Does your flight to Tokyo arrive at Narita Airport in the dead of night? Concerned about being stranded in the sticks until the trains and buses roll to life the next morning? Never fear — you’ve got choices (plural, even) for Narita to Tokyo late-night transfers. Here’s what they are.

Late-night transfer options from Narita Airport to Tokyo

TransportLast serviceCostNotes
Train – Narita Express9:44 p.m.¥3,070 (to Tokyo Station) 
Train – Keisei Skyliner11:03 p.m.From ¥2,300 (to Nippori Station) 
Train – Keisei Sky Access Express11:08 p.m.From ¥1,270 (to Nippori Station) 
Train – Keisei Main Line10:34 p.m.From ¥1,050 (to Nippori Station) 
Tokyo Shuttle Bus11:20 p.m.From ¥1,000 (to Tokyo Station) 
Limousine BusVariesFrom ¥3,100Last departure and cost vary depending on final destination
Pre-booked TaxiNA~¥20,000 

Trains

keikyu airport express from haneda to tokyo
There aren’t a lot of late-night train options. | Photo by iStock.com/winhorse

While trains are one of the easiest ways of getting from Narita Airport into Tokyo during the day, they aren’t really an option late at night. The snazzy Narita Express (N’EX), which is ¥3,070 one-way, last leaves the Terminal 1 Station at 9:44 p.m. (earlier if you’re heading Tachikawa way) — depositing you at Tokyo Station just under 60 minutes later, and Shinjuku at 11:12 p.m. (which should give you enough time to transfer to a connecting train bound for your accommodation area, if it isn’t one of those).

Alternatively, you can take Keisei Line trains. The Keisei Skyliner, which takes you to central Tokyo in about 40 minutes, stops running at 11:03 p.m. You can save yourself some time by booking tickets online in advance. The Access Express, which takes you to Nippori and Ueno, or Asakusa, Shinagawa, and even Haneda Airport, last leaves at 11:08 p.m. for Ueno, and much earlier in the afternoon for Haneda — so check the timetable carefully!

Suggested Activity
Challenge Sumo Wrestlers and Enjoy Lunch
Eat, train, and fight like a real Japanese sumo wrestler during this sumo demonstration and authentic 'Chanko Nabe' (hotpot) meal.

The Skyliner and Access Express are dedicated airport services, but you can also take the plain old Keisei Main Line, which is cheaper (and often a lot more crowded). The final train for Ueno Station leaves at 10:34 p.m. every day — and it’s a commuter express, so expect some squashing. Read: Our full guide to taking the Keisei Line from Narita!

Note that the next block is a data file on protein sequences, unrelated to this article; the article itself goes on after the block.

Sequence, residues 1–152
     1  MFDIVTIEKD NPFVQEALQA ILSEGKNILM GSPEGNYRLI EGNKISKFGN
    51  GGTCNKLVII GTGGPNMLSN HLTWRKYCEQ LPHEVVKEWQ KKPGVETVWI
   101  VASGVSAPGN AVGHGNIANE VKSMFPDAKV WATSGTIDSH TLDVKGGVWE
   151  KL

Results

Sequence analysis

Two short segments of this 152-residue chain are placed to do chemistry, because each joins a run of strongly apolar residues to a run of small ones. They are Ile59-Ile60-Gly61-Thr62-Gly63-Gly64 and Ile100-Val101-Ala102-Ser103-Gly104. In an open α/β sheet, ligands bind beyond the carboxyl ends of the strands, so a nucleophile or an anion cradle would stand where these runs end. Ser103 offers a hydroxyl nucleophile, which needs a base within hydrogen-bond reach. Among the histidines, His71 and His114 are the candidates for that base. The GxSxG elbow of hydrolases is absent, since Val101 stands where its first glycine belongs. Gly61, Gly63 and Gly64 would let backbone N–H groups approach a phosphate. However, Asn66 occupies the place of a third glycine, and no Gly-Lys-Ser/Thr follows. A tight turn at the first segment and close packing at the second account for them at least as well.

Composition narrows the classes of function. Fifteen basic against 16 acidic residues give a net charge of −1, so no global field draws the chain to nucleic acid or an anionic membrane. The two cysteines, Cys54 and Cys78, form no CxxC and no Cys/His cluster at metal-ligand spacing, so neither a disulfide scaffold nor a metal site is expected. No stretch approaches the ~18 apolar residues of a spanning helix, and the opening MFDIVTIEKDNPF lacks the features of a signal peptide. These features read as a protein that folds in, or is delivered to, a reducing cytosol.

Note: If you’re planning on activating your Japan Rail Pass as soon as you get off the plane, you’ll need to allow extra time to do so — and bear in mind that the ticket offices (where you have to exchange your voucher for the actual pass) may close before your plane lands. You’ll need to pop into the JR East Travel Centre (Terminal 1) by 7 p.m., or the JR Midori no Madoguchi ticket office before 9:45 p.m.

Buses

There are basically two options for buses from Narita Airport: taking a cheap (¥1,000) Tokyo Shuttle bus to Tokyo Station or taking the pricier (from ¥3,100Airport Limousine Bus to a major station (including Tokyo Station) or hotel.

The last Tokyo Shuttle leaves at 11:20 p.m. from Narita Terminal 1, reaching Tokyo Station at roughly 12:30 a.m. Unless your accommodation is near your bus drop-off point, note that you might be stuck taking a taxi or waiting for the trains to start up again (which is around 5 a.m.). Limousine Buses stop running just after 11 p.m. (with the last departure depending on the destination).

Taxis

Sometimes it’s your only option. | Photo by Adriana Paradiso

Stepping outside the airport, you’ll see lots of taxi cabs waiting to ferry folk to their destinations. Japanese taxis are generally black, green, or yellow, often called Cedric (check the trunk) and very expensive for anything other than a super-short trip. We don’t recommend taking them unless you absolutely have to — and if you do, be sure to check the price before you pull off (the driver should be able to give you a close estimate of what it will cost). You can get an idea of fares here.

A better idea is pre-booking a taxi online for about ¥20,000. If you’re staying at a hotel in central Tokyo, this is an stress fee way of getting there, and cheaper than getting in a taxi without reservation. You’ll even be greeted with one of those name boards that make people look uber important.

Other Narita to Tokyo late-night transfer options

Unless you’re willing to hire a helicopter or trek through the night to who even knows where (not recommended), your best bet is to check into one of the many hotels near Narita Airport. They provide free shuttles until roughly 11 p.m. — if you miss yours, you can just take a regular taxi the few kilometers to the hotel (it shouldn’t be too expensive). Be sure to book your room in advance (i.e. as soon as you notice the late-night arrival on your ticket).

There’s really not much else near Narita Airport, so if you had any cheapo visions of hitting up a karaoke box till dawn or perhaps chilling in a manga café, best save those plans for later on in your trip.

Getting in well before pumpkin hour or wanting more information on airport transfers? Check out our general guide to the cheapest transport options from Narita to Tokyo. 

While we do our best to ensure it’s correct, information is subject to change. Last updated in July 2023 by Maria Danuco.

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